HP designed the Pavilion m7360n specifically for the beginning or intermediate multimedia enthusiast who wants a complete, easy-to-use Media Center PC: It comes with plenty of video and audio ports and hardware, but lacks good graphics and upgrade options.
A quick glance at the back of the squat, gray midtower case confirms the m7360n’s user-friendly design: Each of the many audio and video connectors is clearly labeled and color coded. Better yet, HP’s well-written and clearly illustrated documentation can guide even the greenest of novices through the Media Center hardware setup process.
Video connections include S-Video and composite inputs and outputs, coaxial cable TV and FM antenna ports, and a VGA port. The one glaring omission is a digital DVI connector–a necessity for sending digital video to a big-screen LCD or plasma TV. Our test unit also came with a TV tuner card.
The m7360n’s audio ports include standard analog connectors that support 7.1 surround sound, and two coaxial S/PDIF ports–one in and one out. Surprisingly, the system lacks the optical Toslink digital audio port for outputting to some high-end audio gear.
I liked the wireless keyboard and mouse that came with the system. Both felt sturdy, and the keyboard’s big multimedia control buttons are easy to locate without looking down.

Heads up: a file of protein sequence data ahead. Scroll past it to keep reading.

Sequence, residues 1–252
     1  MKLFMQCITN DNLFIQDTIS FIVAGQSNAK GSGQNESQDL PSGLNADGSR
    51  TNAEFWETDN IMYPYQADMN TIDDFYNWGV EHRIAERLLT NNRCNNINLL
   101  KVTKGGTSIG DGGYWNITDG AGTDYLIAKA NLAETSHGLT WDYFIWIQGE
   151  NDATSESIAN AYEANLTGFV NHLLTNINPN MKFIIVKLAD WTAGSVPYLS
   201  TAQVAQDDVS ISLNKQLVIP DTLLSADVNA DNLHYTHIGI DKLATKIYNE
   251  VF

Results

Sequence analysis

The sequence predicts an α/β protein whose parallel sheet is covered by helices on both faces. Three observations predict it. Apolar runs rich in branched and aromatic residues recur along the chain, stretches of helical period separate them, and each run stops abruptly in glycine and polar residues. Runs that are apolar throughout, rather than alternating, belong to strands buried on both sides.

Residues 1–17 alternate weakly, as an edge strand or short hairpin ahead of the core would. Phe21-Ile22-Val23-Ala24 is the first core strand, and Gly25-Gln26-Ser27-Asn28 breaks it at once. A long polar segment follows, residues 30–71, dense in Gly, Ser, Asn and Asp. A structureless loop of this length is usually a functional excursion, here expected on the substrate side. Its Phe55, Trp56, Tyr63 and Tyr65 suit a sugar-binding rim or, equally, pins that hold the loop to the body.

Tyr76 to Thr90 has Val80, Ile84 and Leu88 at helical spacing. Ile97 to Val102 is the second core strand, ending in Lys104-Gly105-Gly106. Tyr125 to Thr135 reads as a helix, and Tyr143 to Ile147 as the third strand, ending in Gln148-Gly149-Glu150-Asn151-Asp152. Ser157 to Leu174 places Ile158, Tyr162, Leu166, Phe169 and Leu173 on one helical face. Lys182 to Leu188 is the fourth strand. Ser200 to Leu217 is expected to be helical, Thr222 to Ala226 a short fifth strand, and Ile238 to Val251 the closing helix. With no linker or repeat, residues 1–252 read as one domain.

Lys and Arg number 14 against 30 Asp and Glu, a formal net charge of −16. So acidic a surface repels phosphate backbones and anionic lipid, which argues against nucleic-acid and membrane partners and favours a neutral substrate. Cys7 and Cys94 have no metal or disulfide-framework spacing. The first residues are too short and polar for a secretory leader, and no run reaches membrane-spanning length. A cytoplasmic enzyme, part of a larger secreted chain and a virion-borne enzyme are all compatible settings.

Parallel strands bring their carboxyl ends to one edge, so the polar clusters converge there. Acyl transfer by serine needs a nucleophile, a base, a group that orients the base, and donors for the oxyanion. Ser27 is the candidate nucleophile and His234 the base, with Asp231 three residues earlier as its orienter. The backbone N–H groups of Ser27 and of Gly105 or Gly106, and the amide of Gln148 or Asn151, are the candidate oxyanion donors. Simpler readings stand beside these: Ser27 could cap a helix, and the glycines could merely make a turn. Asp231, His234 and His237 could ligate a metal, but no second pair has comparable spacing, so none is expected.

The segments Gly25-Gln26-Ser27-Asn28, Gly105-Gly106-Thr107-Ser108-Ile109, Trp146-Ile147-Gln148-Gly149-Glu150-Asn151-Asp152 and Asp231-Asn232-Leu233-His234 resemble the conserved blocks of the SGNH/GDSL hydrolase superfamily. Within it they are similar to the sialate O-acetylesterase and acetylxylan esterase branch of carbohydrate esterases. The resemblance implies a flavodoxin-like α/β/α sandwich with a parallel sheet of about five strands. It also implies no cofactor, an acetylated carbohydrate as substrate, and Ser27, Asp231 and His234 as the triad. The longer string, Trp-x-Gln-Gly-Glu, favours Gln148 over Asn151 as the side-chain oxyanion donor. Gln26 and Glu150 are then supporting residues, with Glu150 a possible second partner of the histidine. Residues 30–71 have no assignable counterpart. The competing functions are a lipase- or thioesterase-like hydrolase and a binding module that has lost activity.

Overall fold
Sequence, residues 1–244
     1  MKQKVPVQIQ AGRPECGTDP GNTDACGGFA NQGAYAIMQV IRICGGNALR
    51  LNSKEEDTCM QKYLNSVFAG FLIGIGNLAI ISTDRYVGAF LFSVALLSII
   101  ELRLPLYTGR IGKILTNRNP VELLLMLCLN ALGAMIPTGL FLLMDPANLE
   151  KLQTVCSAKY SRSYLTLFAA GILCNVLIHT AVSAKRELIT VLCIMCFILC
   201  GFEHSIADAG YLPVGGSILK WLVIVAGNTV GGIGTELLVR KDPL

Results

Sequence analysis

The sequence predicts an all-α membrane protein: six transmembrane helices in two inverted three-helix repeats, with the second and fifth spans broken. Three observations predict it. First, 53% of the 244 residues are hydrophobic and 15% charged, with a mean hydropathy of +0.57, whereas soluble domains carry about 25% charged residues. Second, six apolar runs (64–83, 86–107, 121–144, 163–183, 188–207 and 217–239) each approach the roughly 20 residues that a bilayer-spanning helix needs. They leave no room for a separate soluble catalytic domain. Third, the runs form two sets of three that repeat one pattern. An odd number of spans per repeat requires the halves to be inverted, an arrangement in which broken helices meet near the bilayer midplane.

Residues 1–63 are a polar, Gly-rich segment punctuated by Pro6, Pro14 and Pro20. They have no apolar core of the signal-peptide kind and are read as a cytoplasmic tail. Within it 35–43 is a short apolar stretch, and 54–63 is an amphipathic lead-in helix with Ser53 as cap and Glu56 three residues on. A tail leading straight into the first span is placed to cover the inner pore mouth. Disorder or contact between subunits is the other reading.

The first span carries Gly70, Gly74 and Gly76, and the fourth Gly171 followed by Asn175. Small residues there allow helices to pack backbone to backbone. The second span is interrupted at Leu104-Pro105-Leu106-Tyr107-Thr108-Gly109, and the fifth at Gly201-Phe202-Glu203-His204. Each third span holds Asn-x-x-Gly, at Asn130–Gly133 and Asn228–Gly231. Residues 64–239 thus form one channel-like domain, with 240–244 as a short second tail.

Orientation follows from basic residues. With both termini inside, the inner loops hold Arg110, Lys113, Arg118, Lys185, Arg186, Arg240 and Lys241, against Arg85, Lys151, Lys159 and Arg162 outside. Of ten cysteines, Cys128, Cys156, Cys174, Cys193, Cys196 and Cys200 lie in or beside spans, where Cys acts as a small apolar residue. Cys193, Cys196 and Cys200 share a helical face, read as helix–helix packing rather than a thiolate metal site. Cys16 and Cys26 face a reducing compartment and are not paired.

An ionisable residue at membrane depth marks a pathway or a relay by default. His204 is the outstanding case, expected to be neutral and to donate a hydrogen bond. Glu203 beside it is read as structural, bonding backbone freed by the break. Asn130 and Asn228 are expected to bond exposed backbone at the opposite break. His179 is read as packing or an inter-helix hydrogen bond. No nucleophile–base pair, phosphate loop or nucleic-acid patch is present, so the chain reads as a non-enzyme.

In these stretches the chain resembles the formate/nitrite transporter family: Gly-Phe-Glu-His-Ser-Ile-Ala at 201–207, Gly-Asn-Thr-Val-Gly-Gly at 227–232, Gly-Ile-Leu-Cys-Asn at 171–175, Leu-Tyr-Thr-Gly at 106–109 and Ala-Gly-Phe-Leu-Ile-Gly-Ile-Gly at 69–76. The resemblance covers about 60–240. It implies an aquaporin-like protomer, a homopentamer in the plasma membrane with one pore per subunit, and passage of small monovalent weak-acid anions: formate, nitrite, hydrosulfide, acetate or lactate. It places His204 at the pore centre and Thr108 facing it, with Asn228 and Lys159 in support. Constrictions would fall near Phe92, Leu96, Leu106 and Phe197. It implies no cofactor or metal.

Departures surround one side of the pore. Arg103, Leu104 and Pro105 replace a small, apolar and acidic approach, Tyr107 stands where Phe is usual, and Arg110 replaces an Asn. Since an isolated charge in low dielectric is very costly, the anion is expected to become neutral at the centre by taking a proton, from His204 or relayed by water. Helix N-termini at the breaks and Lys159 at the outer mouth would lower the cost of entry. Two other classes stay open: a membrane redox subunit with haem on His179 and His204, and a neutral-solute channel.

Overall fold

The m7360n has some useful storage extras. HP’s 8X, dual-layer DVD±RW drive includes HP’s LightScribe technology, which burns a monochrome label or graphic onto the top of LightScribe-compatible discs. You can add storage without opening the case by using an HP Personal Media Drive. The drive slides into a docking bay on the front of the case. A 300GB Personal Media Drive can be found online for around $300.
In contrast to the case’s well-designed exterior, the interior is crowded and cramped. Accessing the hard drive and RAM slots requires disconnecting many cables and, for those with big hands, removing the hard-drive chassis. The system lacks open optical drive bays, hard-drive bays, or expansion slots–though a PCI slot could be freed up by removing the installed wireless network adapter card.
Users who want to play games should add a better graphics card. The system’s nVidia GeForce 6200SE graphics card produced abysmal frame-rate scores on our Return to Castle Wolfenstein and Unreal Tournament tests. Informal play on Doom 3, while doable on the lowest quality settings, was far too slow for satisfactory, or at least for victorious, game play.
Our test unit, equipped with a 2.8-GHz Pentium D 920 processor and 2GB of RAM, produced a WorldBench 5 score of 94. That isn’t blazingly fast, but it’s quick enough for most computing tasks, and it ranks the m7360n as the second-fastest Pentium D-equipped system we’ve tested (though many of these systems come with only 1GB of RAM).
HP received average scores in most sections of our Reliability and Service tech support survey.
On the whole, the system’s user-friendly design and excellent additional storage options make the m7360n a good choice for anyone who needs an easy-to-use, entry-level Media Center PC. Digital video creators or hard-core gamers, however, will want a more powerful system.